Ever since the publication of her first anthology of poems ‘Summer in Calcutta’ (1965) she has been regarded for her unflinching honest expression of that womanhood and female sexuality and role of woman in traditional Indian context. Das’s strength lies in the spontaneity with which she records ‘her most intimate responses on uninhibitedness which even now is more or less unique in the Indian society’ with her making private thoughts public. Her volume of poems like ‘Summer in Calcutta’(1965), published by the Everest Press in Delhi, second volume ‘The Descendants’ published by Writers Workshop, third volume ‘The Old Playhouse and Other Poems’ published by Orient Longman in 1975, ‘The Annamalai Poems’ in 1988, ‘Only the Soul Knows How to Sing’, 1996 published by DC Books and her last collection ‘Ya Allah’ in 2001 all more or less deals with the journey of her womanliness through ‘tireless waiting’ to someplace where she can pronounce and claim herself ‘I too call myself I’. It has been often claimed that Das writes autobiographical sagas in an attempt to ‘mythologize’ her personal life. Das’s somewhat unhappy marriage (her autobiography controversially describes her husband’s homosexual liaison, emotional torture and neglect) makes her seek and speak intensely personal experience of her unsuccessful quest for love both in and outside the marriage bond with frustration on the tradition-tied society, jointly compel her for a journey towards spiritual revelation, at least an attempt towards where love together with the connotation of bodily desire and sexual hunger merged, subdued and made one into a singled whole . Virginia Woolf was of the opinion that any woman in the profession of author compelled to take two enterprises, the first is to kill the angel in the house and second it to tell the truth about her own experience. She claims to have been successful in the first while failed in the second. Das perhaps can claim to succeed in two. ‘An Introduction’ is an introduction of the post independence Indian feminism thoroughly imbibed with western education and a desire to liberate herself, creating her own nation, traverses the whole area of womanhood, the ultimate genuine female experience like:

“He drew a youth of sixteen into the

Bedroom and closed the door , he did not beat me

But my sad woman body felt so beaten.”

Das describes the agony and anguish of woman body in sex shrinking pitifully reconciling her inner self at once, “I am every woman who seeks love”, coming into the ultimate realization-

“…..I am sinner

I am a saint I am beloved and the

Betrayed …..I too call myself I.”

brightly calls the famous lines of Chandogya Upnishad “the ‘I’ below the ‘I’ above the behind the ‘I’ before …the I alone is all this.”it proceeds from the spiritual oneness the amalgamation of individual soul or atman with the divine soul or paratman likes the line of he sleepers of Whitman

“I dream in my dream

All the dreams of the other dreamers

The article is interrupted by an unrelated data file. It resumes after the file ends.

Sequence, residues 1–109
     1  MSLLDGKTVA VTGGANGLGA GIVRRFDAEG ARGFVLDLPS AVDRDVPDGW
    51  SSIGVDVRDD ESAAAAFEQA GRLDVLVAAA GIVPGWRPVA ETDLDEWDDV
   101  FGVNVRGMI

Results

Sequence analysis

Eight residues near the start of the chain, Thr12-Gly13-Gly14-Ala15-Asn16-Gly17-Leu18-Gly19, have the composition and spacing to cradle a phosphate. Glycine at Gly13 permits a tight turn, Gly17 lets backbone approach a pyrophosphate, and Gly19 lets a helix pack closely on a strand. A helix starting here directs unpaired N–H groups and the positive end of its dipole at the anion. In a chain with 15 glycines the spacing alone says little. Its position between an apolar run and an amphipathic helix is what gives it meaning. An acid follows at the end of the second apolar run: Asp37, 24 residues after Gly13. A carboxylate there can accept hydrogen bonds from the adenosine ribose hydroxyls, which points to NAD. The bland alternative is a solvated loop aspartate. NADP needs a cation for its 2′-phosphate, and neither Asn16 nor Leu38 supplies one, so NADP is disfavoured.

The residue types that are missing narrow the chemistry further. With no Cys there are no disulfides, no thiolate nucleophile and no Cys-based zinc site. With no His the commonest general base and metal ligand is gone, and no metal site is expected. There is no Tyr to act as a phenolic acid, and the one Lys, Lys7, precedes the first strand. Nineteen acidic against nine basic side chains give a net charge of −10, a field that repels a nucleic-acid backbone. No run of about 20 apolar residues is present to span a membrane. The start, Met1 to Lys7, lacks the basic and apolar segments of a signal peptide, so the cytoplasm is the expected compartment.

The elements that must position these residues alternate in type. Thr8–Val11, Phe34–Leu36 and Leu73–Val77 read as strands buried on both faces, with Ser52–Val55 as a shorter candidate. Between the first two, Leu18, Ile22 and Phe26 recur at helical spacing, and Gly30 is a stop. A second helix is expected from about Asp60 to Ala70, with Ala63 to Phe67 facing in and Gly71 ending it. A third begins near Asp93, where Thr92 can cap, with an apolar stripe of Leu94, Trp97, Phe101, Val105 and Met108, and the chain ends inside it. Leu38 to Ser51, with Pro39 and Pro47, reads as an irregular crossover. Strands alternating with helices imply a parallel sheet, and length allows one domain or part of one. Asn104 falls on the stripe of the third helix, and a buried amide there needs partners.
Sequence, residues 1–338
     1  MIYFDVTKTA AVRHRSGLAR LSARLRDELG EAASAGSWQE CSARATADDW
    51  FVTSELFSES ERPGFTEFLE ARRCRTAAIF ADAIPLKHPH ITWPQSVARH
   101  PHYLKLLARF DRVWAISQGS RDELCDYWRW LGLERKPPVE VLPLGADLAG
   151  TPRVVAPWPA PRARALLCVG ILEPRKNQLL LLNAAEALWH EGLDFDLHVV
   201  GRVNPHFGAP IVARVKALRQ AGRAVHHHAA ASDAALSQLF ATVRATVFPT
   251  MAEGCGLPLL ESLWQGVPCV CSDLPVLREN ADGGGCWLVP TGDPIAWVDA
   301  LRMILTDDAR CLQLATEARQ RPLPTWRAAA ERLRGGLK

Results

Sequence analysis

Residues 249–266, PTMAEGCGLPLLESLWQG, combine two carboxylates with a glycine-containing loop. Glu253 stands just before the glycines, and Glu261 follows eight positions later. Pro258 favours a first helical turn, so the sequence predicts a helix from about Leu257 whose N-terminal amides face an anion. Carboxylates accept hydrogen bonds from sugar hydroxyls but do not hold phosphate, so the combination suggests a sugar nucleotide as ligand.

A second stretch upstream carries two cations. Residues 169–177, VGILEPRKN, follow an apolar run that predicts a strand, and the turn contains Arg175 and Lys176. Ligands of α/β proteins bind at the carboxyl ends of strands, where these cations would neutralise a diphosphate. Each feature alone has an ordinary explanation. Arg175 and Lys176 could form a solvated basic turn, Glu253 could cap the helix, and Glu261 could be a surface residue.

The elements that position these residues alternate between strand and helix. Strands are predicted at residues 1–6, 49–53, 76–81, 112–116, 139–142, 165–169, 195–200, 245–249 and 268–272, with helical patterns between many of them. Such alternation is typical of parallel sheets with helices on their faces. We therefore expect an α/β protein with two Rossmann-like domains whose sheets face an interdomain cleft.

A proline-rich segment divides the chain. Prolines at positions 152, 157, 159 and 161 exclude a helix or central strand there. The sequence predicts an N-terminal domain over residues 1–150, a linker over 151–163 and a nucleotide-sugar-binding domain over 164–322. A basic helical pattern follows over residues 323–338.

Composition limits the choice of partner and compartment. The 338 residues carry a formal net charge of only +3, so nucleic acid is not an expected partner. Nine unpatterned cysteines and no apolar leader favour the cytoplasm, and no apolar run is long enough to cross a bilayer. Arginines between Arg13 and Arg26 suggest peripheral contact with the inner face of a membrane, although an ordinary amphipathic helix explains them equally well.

And I have become the other dreamers.”

Das’s sensitive soul always longs for that divine embrace dissatisfied and rejected from the physical one her spiritual migration from lust and hunger lies in the understanding that amalgamation of body and soul makes one complete. Her Radha becomes so absolved and intimate with Lord Krishna that she goes to merge with him Das says clearly in ‘My Story’, ‘the only relationship that is permanent is the love which we form with God my mate, he should come to me in myriad shapes in many shapes shall I surrender I shall be fondled by him I shall be betrayed by him I shall pass through all the pathways of this world condemning none understanding alone the and became part of him in ‘Ghanshaym’.

The line like ‘you have like a koel built your nest in the arbour of my heart.” The whirlpool of sex nudity and the story of the sad woman body being beaten behind the closed door is expulsed from the horizon and tranquility sets in”.

The sternness of poetic persona of kamala das exhibits both in the love sex and also in the spiritual revelation the persona identifies herself whether in dialogue of love and whether in spiritual identification is unique in itself she is the modern eve in disobeying the male biased universe like the eve, our first mother and also acting the role of benign comforter in placing poetry in the discourse of spiritual revelation.

Editorial Team of Indian Ruminations.


  1. Excellent! Well-researched and thought-out prnoantetises which is great, as so many of the information.writings on the web are statements without background or backup. I’ll be back to see more! Keep it up! (and looking forward to the poetry!)(BTW: heard about your blog from your daughter, Ruth [FB Friend] we’re long-time friends of Weezie and Walt Simonson so we know Ruth and Jennie for quite some years (they were at our wedding in Brooklyn to accompany Julie Jones-Arms back in ’81!)